Informality, Planning and Perspective in Development

Publish by : Fiona Murray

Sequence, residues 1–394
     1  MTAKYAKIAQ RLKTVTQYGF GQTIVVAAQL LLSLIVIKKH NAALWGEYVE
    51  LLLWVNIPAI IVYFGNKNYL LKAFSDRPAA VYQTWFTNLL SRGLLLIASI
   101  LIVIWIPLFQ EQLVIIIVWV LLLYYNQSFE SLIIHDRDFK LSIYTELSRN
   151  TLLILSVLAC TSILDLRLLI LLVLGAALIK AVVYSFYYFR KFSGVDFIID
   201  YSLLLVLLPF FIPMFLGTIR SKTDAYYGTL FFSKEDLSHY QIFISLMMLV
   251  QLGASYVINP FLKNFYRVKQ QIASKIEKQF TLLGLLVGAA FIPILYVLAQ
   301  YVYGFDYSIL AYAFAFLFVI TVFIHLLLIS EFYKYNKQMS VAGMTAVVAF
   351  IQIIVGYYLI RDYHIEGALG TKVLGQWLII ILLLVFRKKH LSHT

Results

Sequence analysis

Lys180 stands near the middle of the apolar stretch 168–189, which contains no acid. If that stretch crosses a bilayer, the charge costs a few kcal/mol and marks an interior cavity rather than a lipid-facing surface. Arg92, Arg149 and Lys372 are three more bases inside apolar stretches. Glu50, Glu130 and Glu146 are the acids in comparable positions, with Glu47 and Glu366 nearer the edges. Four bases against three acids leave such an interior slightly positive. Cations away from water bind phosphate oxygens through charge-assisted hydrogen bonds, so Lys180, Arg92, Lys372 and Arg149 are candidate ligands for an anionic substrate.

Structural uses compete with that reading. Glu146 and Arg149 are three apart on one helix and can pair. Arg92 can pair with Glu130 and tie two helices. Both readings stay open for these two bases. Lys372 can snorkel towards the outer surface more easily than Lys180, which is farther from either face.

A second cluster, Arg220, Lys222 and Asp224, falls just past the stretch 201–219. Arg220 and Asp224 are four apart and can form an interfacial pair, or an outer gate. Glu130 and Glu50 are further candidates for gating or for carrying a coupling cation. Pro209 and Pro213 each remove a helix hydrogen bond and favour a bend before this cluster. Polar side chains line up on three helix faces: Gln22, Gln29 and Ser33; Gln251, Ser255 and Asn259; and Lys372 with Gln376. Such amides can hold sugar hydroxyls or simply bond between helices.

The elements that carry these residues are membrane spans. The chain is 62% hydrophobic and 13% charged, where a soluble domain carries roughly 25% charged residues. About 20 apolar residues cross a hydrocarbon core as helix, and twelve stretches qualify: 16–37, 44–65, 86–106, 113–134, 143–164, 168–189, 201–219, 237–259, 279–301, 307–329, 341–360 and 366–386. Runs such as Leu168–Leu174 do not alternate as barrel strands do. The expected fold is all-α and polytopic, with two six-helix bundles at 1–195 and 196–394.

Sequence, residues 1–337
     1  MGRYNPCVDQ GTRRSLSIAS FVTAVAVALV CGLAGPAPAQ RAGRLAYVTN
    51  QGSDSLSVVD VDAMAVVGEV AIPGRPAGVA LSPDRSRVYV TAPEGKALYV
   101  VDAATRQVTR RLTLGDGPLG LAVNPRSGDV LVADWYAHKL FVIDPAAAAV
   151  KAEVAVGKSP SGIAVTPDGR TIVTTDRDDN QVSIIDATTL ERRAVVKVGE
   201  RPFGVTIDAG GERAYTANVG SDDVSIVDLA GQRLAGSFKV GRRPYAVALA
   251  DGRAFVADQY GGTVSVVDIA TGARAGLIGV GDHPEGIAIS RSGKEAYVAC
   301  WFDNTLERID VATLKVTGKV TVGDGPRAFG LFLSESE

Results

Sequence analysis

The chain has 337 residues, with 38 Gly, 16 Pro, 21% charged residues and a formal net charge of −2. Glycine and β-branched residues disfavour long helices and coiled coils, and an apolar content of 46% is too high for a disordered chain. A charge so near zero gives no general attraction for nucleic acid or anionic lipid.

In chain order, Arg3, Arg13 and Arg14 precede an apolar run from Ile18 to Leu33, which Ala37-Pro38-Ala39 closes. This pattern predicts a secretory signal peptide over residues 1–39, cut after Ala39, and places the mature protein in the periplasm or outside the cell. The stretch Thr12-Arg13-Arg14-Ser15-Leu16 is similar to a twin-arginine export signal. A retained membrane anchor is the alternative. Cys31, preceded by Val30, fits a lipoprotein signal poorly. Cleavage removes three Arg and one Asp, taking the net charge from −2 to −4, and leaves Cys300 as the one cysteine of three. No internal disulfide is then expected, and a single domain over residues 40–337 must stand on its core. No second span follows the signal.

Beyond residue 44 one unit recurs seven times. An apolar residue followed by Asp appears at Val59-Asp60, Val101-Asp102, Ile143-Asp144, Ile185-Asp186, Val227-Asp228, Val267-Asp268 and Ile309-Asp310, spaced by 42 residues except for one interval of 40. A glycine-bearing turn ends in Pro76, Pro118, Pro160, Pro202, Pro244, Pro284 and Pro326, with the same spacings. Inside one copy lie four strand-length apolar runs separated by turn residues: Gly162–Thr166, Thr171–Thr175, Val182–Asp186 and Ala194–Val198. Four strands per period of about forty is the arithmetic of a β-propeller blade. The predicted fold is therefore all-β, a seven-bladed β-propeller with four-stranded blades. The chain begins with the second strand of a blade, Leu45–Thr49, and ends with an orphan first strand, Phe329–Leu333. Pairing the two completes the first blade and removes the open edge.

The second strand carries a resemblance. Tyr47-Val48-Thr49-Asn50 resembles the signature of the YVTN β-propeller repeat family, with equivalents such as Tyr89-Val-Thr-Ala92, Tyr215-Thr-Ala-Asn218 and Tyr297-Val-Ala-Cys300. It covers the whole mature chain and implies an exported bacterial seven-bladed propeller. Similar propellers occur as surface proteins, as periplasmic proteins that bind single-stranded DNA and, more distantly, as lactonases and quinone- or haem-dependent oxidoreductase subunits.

Informal settlements. Informal economy. Informal education. There are no shortage of terms for describing systems of infrastructure in Ghana and many other developing countries (and arguably all countries—but rightly or wrongly these terms are often only applied to developing contexts). I studied these terms and ideas. I talked about the merits of saying “informal settlements” vs “slums” and vice versa. I researched the benefits of supporting, instead of suppressing, the informal economy. But I was not quite so well versed in how every aspect of life here in Tamale is managed through informal channels. This manifests itself in my personal life—I find a good taxi driver through the recommendation of a friend. Because I have a taxi driver I’m able to go out at night for dinner, where someone else tells me the best place to buy meat, and so on and so forth. I’m not used to this system and at times I find adjusting challenging. These same systems also play out in the workplace. URBANET is implementing a new project, engaging young boys and girls from two schools about gender issues through interactive training events, drawing contests, and community meetings, with the specific aim of encouraging boys to support girls. Young girls, particularly in the north, are responsible for a disproportionate amount of household chores. When interviewed, young girls indicated that their household work makes them tired, and means they have less time to devote to school work. Both the group of young girls and young boys explained that, because of this, boys tend to do better in schools. The program is designed to facilitate activities that allow the participants to express their thoughts and feelings about the gendered roles they play at home and at school, so that they decide how best to support their sisters and other girls in the community. Some of the strategies the boy participants come up with include helping their sisters with some of their chores, and assisting them with homework. A girl displays her drawing showing boys' farming and hunting Two boys place sticky notes on a Venn diagram showing girls' and boys' work Right: A girl explains her entry in the drawing contest, showing the different roles that boys play at home. Left: Two boys use a Venn diagram to explore how household tasks are gendered, and which tasks could be done by all genders. I was part of the initial planning process in collaboration with the rest of the programs department, helping to research about issues faced by girls in northern Ghana, write portions of the project proposal, and design guiding questions to use while interviewing children in the school.This is where the informal connections come into play. The schoolchildren we interview had been involved in a previous project of URBANET’s. Having notified the teacher, a previous contact, that we were coming, he collects some students to sit and talk with us to inform the project planning. URBANET takes on a friend and former partner to help implement the project. My immediate response is to feel profoundly uncomfortable—I'm not used to how informal connections are relied on so heavily in a professional context. I'm swept up thinking, does the school even want us here? Are the children interested in the project, would they enjoy taking part in a drawing contest? Is this the best community in which to implement this project? And while these are all valid, and important questions, my western-based perspective clouds my ability to see the benefits to utilizing personal contacts and informal planning to implement a project. My nature is to view the informal project planning mechanisms as completely inefficient and unprofessional. But I want to challenge that thinking. URBANET was able to very quickly engage the community, earn their trust and plan their first training event. This would not have been possible if not for their personal relationships, with the community and with others involved in the planning process. I suspect the best practice for planning and implementing development projects lies somewhere in the middle. Not so formal the human connection is completely obliterated, but not so informal that friends reap unfair benefits. It may be impossible to find the perfect balance, but I believe it’s important to be aware that there is more than one way to successfully ‘do development’, and while development projects should absolutely be open to criticism, they should not be evaluated solely on the basis of western criteria. Author's note: I think it's really important to obtain consent for any photos shared. I want to make it clear that the participants shown here were aware their photos were taken to be shared with other people.

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